There’s a dancing koala bear running around this auditorium. One hell of a powerful fog machine is filling the room with smoke. And before long, a man is going to walk down the aisle playing a didgeridoo. But there’s no doubt that I’m in the right place. The guy wearing a varsity jacket that says “1337” on the back is one clue. Another is the massive cheer that envelops the room at the mention of the Higgs boson. “It’s been a good week to be a geek,” says the Australian comedian emcee-ing the Imagine Cup closing ceremony in Sydney. And I suppose it has.
The closing ceremony of Microsoft’s international student technology competition is a lot like the opening ceremony from five days ago: a lot of “change the world” talk, a dash of “children are our future” and the exact same playlist, though nobody seems to mind. Justin Bieber speaks equally to all nations. There’s even another “Oprah’s Favorite Things” moment. (The competitors are all getting a Windows 8 machine, when it comes out).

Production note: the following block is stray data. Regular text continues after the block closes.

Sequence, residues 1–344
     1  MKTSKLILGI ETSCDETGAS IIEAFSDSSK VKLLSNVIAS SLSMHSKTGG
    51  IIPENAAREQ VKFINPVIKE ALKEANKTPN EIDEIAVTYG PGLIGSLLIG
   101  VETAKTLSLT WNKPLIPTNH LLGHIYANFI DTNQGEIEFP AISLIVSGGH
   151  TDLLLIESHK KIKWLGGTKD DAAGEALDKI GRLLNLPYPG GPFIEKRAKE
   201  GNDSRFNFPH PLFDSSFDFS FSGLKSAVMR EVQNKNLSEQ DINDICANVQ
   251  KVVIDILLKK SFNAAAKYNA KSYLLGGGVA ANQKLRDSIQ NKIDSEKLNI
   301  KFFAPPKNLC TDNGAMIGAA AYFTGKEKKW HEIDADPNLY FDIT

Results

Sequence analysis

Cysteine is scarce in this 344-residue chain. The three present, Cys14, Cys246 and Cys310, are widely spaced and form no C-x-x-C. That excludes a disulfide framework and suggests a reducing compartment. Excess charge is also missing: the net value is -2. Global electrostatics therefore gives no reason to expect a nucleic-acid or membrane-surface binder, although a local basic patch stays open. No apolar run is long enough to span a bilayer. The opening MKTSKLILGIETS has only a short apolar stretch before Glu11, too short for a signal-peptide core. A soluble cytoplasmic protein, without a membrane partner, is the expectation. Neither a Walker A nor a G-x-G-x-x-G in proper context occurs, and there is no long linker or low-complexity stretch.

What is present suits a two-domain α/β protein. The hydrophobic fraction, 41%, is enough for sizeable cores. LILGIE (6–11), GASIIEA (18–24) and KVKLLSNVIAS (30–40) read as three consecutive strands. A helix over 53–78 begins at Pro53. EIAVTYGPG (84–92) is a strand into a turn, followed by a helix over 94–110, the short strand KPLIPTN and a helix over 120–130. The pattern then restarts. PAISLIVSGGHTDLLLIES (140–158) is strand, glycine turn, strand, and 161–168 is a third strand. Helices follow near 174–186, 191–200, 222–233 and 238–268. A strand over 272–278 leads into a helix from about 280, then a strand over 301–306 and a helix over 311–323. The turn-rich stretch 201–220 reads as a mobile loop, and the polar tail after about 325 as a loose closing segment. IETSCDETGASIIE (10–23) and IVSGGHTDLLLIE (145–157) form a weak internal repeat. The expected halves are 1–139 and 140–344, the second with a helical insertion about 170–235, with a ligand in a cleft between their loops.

This time, though, there are winners. In the software design category, Team Quadsquad from Ukraine came out on top with their gloves that translate sign language into speech. A system of automatically dimming lights that save energy won second place, and the wi-GO, a Kinect-powered shopping cart that follows disabled users took third.
Click here to explore the coolest winning projects.
In game design, a band of furry creatures seeking to stop deforestation in Team Tang Thai’s game Verdant Fantasy won the Windows/Xbox category, while the Drexel Dragons from the U.S. took home the top prize for Windows Phone with their educational game Math Dash. Read more about the best winning projects in the gallery above.
The entrepreneur-friendly environment that is increasingly being cultivated at the Imagine Cup means that it’s not only in Microsoft’s long-term interest, but in the students and in ours as well. If these students go on to create technology businesses that are motivated by the desire to help people, rather than the desire to soak in bathtubs full of money, well, so much the better for all of us.
“These kids have unbounded energy and passion,” says S. Somasegar, Microsoft’s corporate vice president of the developer division. “Kids say ‘I can change the world,’ and whether they can or cannot, that raw energy serves them well.”
A popular question from the judges during teams’ final presentations was: “What have you learned at the Imagine Cup?” A lot of people just said something complimentary about the judges’ feedback. But one of the members of The Doers team from Brazil, who came in second place in Windows/Xbox game design for their Sim City-esque game about working together to develop a town, replied: “We learned that people can be very nice. That is not always the case.”